Viewpoint

April 5, 2024

How new gas price template for strategic sectors will benefit Nigerians

NNPLC

By IFEANYI ONUBA

ON Easter Monday, the Nigerian Midstream and Downstream Petroleum Regulatory Authority announced the establishment of the year 2024 Domestic Base Price and applicable wholesale price on natural gas for the strategic sectors.

The announcement saw an increase in the price of natural gas for the strategic domestic sectors including power generation companies by 11 per cent. The move is in line with the provisions of the Petroleum Industry Act, 2021, assented to by former President Muhammadu Buhari on August 16, 2021 and gazetted on August 27, 2021.

The PIA provides a clear regulatory framework for the determination of a market-based pricing regime for the domestic gas market in Nigeria. 

Specifically, Section 167, the Third and Fourth Schedule of the PIA 2021, mandated the NMDPRA to determine the Domestic Base Price, DBP, and the marketable wholesale price of natural gas supplied to the strategic sectors.

The Chief Executive Officer of the NMDPRA, Farouk Ahmed, had while making the announcement said natural gas for power generation companies would now be $2.42 per metric million British thermal unit, higher than the previous rate of $2.18mmbtu. All the other two strategic sectors being Gas-Based Industries, GBI, and Gas to Commercial, GTC, take a cue from the DBP in their price build up.

The adjustment in price has been generating a lot of interest from the public. While some commentators had questioned the justification for the increase despite complaints of shortages and undersupply of gas by the power generation companies, GenCos, others have said that with the new price increase, the subsidy to be paid by the Federal Government in 2024, which was pegged at N1.67tn in January this year, would increase markedly.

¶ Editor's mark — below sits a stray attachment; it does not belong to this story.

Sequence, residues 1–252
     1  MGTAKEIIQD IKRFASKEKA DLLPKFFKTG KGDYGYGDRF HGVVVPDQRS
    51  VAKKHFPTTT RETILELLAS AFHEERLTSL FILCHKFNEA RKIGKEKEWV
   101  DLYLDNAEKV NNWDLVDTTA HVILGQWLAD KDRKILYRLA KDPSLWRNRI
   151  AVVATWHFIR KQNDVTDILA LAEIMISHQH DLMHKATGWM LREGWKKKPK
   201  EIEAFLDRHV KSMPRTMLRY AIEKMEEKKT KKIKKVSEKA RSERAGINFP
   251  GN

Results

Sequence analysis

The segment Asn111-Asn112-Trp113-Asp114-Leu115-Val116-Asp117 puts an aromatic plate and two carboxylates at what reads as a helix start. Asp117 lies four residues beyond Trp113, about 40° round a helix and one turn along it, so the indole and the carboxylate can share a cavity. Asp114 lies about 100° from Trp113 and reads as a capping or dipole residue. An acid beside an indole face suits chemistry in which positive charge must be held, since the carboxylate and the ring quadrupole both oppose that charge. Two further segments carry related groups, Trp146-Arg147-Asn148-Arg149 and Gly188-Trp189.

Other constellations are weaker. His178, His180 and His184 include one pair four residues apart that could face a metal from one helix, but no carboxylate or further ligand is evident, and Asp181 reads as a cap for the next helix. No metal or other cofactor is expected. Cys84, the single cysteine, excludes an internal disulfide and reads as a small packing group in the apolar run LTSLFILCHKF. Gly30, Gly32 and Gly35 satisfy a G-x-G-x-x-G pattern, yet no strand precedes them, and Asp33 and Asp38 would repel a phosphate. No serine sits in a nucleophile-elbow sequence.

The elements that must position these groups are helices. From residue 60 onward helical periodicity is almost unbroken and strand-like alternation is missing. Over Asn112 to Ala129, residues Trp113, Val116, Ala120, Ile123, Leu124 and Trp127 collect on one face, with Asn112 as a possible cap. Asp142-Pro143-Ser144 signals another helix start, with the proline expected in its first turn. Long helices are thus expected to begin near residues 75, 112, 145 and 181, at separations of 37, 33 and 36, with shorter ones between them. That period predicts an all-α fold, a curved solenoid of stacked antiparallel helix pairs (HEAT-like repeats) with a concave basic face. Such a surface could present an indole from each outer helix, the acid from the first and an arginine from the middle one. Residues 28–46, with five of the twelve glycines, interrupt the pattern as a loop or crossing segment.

The purpose of this article is to provide a context as to why the NMDPRA, in compliance with the provisions of the PIA, took the decision to adjust the DBP and how Nigerians will benefit from the decision of the midstream and downstream petroleum regulator. 

For a start, let’s deal with the question on why the wholesale price of gas to power plants was increased marginally. Recall that in July 2021, the gas price to power plants was reduced from $2.5/mbtu to $2.18/mbtu. The purpose of the change in price then was to allow quick desired industrial revolution embarked upon by the administration of former President Buhari.

Since then, the gas price to power has remained unchanged despite all the inflationary pressures and increasing operating costs over the last three years, while power plants continue to complain of insufficient gas supply.

It should be noted that the DBP is to guide gas pricing and supply especially to the strategic sectors of the economy mainly power, Gas Based Industries and Gas to Commercial. The Authority in line with the provisions of the law and objectives of the government for the gas sector, strives to ensure that it puts in place a pricing regime that ensures gas supply to those critical sectors at most affordable rates. 

This informed the establishment of the 2024 DBP which was arrived at after extensive consultation with all critical stakeholders. It should be noted also that the Authority, after taking good cognizance of the macro and micro-economic environment and gas market conditions in 2023, maintained $2.18 status quo for 2023.